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Understanding and Teaching the Millennial Learner

Have you heard yourself or a colleague say "Students today …"

  • "expect an A if they do the work."
  • "just want to be told what is on the test."
  • "expect me to be available 24/7."

If so, you are likely referring to a Millennial student. Generational cohorts, such as Millennials, share an age, location, and history, which influence perceptions. Millennials were born between 1982 and 2002 and were impacted by major events, such as 9/11, the Columbine Shootings, and the Rodney King Riots (Howe and Strauss 19). Generally speaking, Millennials are...

  • the most racially and ethnically diverse generation, with approximately 20% having one immigrant parent (Howe and Strauss 15).
  • closer to their parents than any previous generation. According to Neil Howe, renowned author on the generations, "there is no generation gap between Millennials and their parents."
  • more civic-minded.
  • constantly "connected" through multiple forms of technology (i.e., cell phones, social networking sites, tweeting, etc.).
  • so comfortable with technology that they don’t perceive it as such, but rather as a natural part of life. In fact, they are described as "digital natives" versus "digital immigrants."
  • a 24/7 generation who don’t tolerate delays well.
  • "multi-taskers" who simultaneously study, text message, listen to music, etc.
  • more interested in doing than knowing because information changes so rapidly.
  • "Nintendo" or "trial and error" learners. That is, they enjoy learning through games because they can play until they obtain mastery.

The first step in teaching other generations is recognizing that there are very real differences among them, and that our perceptions are based on when we were born, the significant events that have shaped our lives, etc. One generation is not necessarily better or worse; just different.

So what are the implications in terms of teaching and learning for the Millennials?

  • They easily disengage when they experience a delay in their 24/7 world. Consequently, instructors will need to be clear about their availability in terms of online communications (i.e., "I will only answer emails between 4 pm and 7 pm every day," or "You can expect a response from me within 24 hours, Monday through Friday.").
  • Millennials expect faculty to use technology and use it well. At minimum, they expect their instructors to be able to use email. In the same vein, if a student has a question, needs to make an appointment, or seek clarification, she or he is more likely to do so via email versus in person or over the phone.
  • Millennial students are accustomed to active learning and small group work, although they’re not necessarily good at the latter. Therefore, faculty need to design meaningful learning activities that allow students to work together in dyads, triads or structured small groups, and provide clear instructions and guidelines when doing so.
  • Pinder-Grover and Groscurth say that even though they are one of the most diverse generations, most of them have grown up in homogeneous neighborhoods. Consequently, they need to work in heterogeneous groups so that they have an opportunity to work with students whose opinions and backgrounds differ from theirs. Furthermore, infusing a variety of perspectives is critical when selecting literature, sources, speakers, etc.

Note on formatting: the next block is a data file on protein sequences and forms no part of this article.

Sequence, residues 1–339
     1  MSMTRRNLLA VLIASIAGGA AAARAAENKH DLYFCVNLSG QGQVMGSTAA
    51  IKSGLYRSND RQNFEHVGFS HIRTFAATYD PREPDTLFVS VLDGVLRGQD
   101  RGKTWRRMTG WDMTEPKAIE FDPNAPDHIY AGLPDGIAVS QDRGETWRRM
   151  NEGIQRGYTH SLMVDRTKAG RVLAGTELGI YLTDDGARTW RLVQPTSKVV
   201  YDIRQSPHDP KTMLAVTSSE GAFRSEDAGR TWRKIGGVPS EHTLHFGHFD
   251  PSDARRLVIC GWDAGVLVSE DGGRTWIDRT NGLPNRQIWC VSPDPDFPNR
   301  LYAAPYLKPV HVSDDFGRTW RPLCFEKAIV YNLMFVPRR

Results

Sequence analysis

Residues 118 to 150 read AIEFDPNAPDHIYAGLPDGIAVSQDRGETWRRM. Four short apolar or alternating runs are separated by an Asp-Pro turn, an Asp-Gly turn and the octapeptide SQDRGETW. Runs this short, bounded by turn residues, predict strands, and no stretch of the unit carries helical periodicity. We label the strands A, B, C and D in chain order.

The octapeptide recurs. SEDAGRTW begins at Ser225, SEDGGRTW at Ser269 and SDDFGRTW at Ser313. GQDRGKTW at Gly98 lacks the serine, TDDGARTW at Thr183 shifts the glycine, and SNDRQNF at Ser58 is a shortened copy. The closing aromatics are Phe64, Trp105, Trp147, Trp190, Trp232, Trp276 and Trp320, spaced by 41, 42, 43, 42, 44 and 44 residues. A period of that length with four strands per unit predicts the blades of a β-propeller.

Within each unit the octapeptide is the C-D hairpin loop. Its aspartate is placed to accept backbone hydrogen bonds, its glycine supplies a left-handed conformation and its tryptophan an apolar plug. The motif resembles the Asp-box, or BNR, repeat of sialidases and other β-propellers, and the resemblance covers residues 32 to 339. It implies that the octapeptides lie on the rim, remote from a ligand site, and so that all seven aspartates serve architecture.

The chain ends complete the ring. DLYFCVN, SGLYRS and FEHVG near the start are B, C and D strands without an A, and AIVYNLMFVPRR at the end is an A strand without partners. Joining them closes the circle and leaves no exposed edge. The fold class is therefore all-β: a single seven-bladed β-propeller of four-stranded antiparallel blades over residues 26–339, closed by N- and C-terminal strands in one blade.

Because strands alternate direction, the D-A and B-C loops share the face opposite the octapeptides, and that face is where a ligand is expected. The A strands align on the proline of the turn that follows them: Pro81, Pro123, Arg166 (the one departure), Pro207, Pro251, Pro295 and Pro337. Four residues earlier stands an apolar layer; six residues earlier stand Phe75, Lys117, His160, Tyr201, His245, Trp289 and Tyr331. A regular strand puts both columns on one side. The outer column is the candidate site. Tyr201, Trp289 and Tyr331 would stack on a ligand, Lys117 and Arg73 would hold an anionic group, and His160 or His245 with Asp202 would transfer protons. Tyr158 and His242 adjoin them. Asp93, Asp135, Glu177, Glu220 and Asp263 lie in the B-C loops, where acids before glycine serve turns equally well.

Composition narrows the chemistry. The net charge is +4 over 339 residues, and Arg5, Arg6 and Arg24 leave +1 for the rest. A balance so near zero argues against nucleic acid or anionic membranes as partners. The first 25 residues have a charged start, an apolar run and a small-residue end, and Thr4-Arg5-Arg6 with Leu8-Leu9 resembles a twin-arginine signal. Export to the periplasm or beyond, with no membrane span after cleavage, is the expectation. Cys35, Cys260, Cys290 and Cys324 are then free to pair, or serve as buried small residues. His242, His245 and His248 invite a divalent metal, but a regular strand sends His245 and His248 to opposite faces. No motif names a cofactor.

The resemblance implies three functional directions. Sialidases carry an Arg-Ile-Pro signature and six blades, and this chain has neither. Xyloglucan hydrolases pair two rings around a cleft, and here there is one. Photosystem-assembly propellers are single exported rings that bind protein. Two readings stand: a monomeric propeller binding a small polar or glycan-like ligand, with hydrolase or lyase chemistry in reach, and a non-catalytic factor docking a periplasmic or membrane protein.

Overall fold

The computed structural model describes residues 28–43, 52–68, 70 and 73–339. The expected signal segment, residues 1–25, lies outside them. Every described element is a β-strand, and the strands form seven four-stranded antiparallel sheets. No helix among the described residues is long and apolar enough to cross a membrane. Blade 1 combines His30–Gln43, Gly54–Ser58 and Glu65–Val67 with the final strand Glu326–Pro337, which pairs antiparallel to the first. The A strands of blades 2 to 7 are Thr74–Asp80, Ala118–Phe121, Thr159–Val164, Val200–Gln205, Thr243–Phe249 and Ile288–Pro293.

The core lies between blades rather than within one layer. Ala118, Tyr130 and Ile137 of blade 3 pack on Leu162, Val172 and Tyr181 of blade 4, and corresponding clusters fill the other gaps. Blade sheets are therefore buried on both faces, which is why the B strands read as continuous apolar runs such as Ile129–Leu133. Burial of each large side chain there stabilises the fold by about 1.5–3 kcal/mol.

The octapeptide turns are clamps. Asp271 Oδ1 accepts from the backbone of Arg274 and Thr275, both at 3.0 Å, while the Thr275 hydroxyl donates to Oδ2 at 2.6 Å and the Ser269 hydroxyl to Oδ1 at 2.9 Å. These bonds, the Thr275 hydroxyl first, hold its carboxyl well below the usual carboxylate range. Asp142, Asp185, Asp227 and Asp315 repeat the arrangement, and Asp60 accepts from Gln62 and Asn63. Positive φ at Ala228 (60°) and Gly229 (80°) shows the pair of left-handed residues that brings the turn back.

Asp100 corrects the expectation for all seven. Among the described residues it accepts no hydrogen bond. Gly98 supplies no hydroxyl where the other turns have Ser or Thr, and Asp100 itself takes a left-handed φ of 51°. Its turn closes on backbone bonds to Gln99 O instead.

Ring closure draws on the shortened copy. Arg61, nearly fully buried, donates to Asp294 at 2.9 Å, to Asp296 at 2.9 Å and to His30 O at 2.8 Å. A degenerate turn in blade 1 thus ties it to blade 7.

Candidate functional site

• They have high expectations and expect clear and explicit instructions regarding assignments.
  • Timely feedback is crucial. (I.e., within one or two class periods, depending on the assignment.)
  • Because they tend to prefer images over text, PowerPoint presentations and webpages need images interspersed throughout.

Other suggestions:

  • Help shape their high expectations by telling them what they can expect of you and what you expect of them.
  • While they trust and respect authority figures, they don’t necessarily view faculty as such. Consequently, we need to be authentic role models and model the behaviors we desire in our students, such as respect, being on time, etc.
  • Appeal to their civic mindedness by engaging them in service learning opportunities.
  • Create a community of learners and explicitly talk about what you expect in terms of their behavior towards each other. They grew up in a rather sheltered environment (e.g. child safety laws emerged with this generation), so safety, including psychological safety, is important to this generation.
  • Use case studies and other activities that allow them to work together to solve real world problems. For example, in a Business class, students might work in groups to research, design and create products or services.
  • Pinder-Grover and Groscurth say to be aware that these "digital natives" aren’t necessarily "critical consumers, users, and creators of information. Consequently, they benefit from using their technology skills to design and test solutions to real world problems."
  • Use media sources that students recognize. To find out what those are, poll your students at the onset of the semester and ask them to share their favorite TV shows, news sources, movies and music.
  • Likewise, allow them to communicate their understanding through media that they find useful and familiar.


Howe, N., and W. Strauss. Millennials Rising: The Next Generation. New York: Vintage Books, 2000. Print.

Pinder-Grover, T., and C. R. Groscurth. "Principles for Teaching the Millennial Generation: Innovative Practices of U-M Faculty." CRLT Occasional Papers No 26. Center for Research and Learning and Teaching, U. of Michigan, 2009. PDF file.

Educating the NetGen. Dallas: STARLINK, 2005. Print.

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